But by far, my most favorite part of this book is the history. Besides just talking about the Great Fire, another major portion of this story dealt with Civil War veterans—I’d never made the connection before that those two events were less than 10 years apart! The way Green portrayed those veterans was fascinating, as well as how PTSD (at least, as diagnosed these days) was handled back then. The snippets about what an insane asylum back then was like were horrifying, but also very interesting.
In all, I cannot wait for the next book in the Windy City Saga to come out! This was an excellent read on both the historical, mystery, and Christian fronts, and it didn’t end up having a lot of romance in it, which I appreciated. Recommended.
I requested a free review copy of this book from the publisher, and this is my honest opinion of it.
WARNING: The Great Fire lasts from ch. 4–6, with people and animals burned; ch. 6 tells about a woman who was badly burned, and ch. 7 mentions charred human remains being pulled out of the rubble. A building collapses in ch. 25. A house is on fire in ch. 37. People are drunk in ch. 1. A man is smoking in ch. 9.
A man threatens to use a gun in ch. 1, 5, 8 (remembering doing so), 36, and 37. People remember the horrors of POW camps—often people hurting or killing each other—in ch. 1, 2, 7, 20, 34, and 37. A man unintentionally hurts his daughter in ch. 2. A man punches another man in ch. 5, 7 (remembering doing so), 8, 9, 21, and 36. A man remembers killing someone in ch. 7 and 9; and people are killed or it is told of in ch. 7 and 16. People get vaccinated and there is a description of a horrific wound in ch. 8. A man is accused unjustly in ch. 8 and 9. A man is tortured in an insane asylum in ch. 9, 13 (here, someone is thinking about the tactics), 18 (this includes a man thinking about being drugged and seeing a hallucination), 23, 27, and 29. A woman looks at pictures of a man who had been shot in ch. 11. In ch. 13, a character remembers a story of a war veteran who killed someone, didn’t remember doing so, and later committed suicide. A man has old injuries from the war in ch. 20 and 22. A man is attacked in ch. 22, and a different one in 36 (this time, he is hurt and bleeding). A man is knocked out in ch. 37.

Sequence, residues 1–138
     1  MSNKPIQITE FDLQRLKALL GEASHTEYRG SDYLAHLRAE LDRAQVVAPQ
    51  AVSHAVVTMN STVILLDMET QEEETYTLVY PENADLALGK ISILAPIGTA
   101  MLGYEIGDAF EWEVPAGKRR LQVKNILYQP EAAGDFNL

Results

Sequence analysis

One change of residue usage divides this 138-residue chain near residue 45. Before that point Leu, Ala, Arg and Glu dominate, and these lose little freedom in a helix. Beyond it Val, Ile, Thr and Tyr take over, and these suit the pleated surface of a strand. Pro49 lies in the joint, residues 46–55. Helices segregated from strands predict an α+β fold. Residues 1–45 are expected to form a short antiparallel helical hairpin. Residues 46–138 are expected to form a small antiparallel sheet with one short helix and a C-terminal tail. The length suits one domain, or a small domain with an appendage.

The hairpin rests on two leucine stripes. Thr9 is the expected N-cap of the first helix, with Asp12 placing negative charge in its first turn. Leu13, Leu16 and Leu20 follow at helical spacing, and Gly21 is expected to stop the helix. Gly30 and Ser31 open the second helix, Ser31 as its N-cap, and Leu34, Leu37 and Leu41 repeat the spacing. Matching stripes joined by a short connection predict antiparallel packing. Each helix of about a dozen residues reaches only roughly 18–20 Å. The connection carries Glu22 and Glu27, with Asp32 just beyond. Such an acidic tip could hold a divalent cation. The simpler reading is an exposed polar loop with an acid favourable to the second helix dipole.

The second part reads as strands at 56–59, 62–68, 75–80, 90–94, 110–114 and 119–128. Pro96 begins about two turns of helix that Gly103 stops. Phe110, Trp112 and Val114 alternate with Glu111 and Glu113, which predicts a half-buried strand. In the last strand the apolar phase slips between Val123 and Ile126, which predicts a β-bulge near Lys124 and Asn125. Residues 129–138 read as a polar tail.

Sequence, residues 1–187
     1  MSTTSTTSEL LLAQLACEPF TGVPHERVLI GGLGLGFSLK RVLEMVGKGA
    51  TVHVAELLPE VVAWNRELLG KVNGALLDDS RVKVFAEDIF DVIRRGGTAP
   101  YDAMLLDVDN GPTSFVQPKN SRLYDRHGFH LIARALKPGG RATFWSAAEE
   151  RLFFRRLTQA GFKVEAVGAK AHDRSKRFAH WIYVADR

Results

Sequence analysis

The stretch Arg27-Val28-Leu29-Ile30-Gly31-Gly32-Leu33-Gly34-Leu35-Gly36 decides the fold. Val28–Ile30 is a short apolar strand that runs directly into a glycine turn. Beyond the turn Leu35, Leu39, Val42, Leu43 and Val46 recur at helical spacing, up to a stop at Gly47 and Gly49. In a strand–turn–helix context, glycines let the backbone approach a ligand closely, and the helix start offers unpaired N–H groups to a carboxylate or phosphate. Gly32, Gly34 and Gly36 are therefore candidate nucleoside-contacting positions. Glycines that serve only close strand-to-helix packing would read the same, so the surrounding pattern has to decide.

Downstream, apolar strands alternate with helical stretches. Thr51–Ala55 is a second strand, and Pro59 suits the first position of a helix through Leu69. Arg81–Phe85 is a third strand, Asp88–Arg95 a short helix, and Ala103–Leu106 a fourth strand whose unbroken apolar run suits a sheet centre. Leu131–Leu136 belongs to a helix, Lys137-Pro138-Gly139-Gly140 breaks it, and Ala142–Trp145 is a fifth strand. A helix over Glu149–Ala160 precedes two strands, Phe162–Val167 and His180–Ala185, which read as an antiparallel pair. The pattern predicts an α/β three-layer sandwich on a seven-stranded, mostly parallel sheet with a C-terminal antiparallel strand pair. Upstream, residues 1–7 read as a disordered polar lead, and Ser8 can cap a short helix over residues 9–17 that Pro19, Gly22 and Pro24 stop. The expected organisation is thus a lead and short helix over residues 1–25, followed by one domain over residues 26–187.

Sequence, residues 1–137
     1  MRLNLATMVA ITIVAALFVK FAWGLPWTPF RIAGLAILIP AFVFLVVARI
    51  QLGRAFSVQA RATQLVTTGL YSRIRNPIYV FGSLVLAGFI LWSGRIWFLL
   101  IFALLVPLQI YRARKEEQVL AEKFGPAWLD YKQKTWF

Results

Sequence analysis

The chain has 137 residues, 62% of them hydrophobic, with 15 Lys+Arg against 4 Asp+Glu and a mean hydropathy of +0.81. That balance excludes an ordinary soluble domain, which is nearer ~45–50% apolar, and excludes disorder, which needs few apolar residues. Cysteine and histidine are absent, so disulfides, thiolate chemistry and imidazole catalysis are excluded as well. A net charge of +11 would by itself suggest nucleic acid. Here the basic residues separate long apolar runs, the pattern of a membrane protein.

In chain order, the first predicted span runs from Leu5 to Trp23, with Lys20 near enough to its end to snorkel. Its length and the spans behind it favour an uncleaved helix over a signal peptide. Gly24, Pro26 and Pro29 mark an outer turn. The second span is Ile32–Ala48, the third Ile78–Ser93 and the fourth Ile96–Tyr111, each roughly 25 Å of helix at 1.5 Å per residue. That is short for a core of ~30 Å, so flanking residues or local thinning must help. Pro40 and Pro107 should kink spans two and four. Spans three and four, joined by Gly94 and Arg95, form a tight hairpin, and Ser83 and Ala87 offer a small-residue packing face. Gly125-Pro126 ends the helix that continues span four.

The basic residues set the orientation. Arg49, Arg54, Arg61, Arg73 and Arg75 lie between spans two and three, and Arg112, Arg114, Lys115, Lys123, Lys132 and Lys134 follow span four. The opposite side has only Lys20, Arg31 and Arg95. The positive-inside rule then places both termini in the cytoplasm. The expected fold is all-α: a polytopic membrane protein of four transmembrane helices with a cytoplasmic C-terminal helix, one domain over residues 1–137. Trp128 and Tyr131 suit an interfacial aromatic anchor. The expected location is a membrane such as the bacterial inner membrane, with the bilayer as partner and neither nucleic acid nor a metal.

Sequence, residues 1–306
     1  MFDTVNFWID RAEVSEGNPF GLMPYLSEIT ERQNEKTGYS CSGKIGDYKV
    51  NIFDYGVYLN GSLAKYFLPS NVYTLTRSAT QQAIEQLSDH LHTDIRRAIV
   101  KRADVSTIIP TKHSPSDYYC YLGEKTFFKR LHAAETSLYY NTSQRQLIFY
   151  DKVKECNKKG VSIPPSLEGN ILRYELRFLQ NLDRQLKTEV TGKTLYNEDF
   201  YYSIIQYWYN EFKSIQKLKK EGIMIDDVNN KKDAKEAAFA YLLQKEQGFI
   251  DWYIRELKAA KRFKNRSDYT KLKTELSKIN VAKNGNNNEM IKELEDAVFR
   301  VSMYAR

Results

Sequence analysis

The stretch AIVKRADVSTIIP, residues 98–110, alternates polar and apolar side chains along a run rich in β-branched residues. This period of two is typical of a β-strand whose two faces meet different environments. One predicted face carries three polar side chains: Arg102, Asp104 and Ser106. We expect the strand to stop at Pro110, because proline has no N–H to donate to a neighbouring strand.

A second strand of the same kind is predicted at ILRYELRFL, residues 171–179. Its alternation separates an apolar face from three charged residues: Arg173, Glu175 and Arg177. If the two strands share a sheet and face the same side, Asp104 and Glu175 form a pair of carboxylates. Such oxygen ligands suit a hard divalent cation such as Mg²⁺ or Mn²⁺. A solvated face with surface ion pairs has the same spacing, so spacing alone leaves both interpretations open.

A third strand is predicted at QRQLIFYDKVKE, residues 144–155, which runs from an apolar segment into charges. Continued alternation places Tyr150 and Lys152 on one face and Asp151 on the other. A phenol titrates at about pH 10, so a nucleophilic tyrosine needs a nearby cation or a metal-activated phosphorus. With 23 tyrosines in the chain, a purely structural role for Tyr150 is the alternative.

There is lying in ch. 2 and 35. One character says “it was an honor to fight” in ch. 2. “Goodness”, in one form or another, is used in ch. 1, 2, 14, 22, 31, 32, 36, and the epilogue. People shout obscenities in ch. 3. The word “blasted” is used in ch. 5. A word or phrase that uses the word “hell” is used in ch. 6, 10, and 18. The word “swear” is used in ch. 8. “Heaven above” or a variant is used in ch. 10 and 34. The phrase “for mercy’s sake” is mentioned in ch. 29.
Unmarried people touch in ch. 6, 16, 20, 22, 25, 27, 28, 32, 35, 36, 37, and 38. Unmarried people kiss in ch. 28, 37, and 38. There is touching between married people in ch. 38.
Reading Independently—Ages 15 and Above, Adults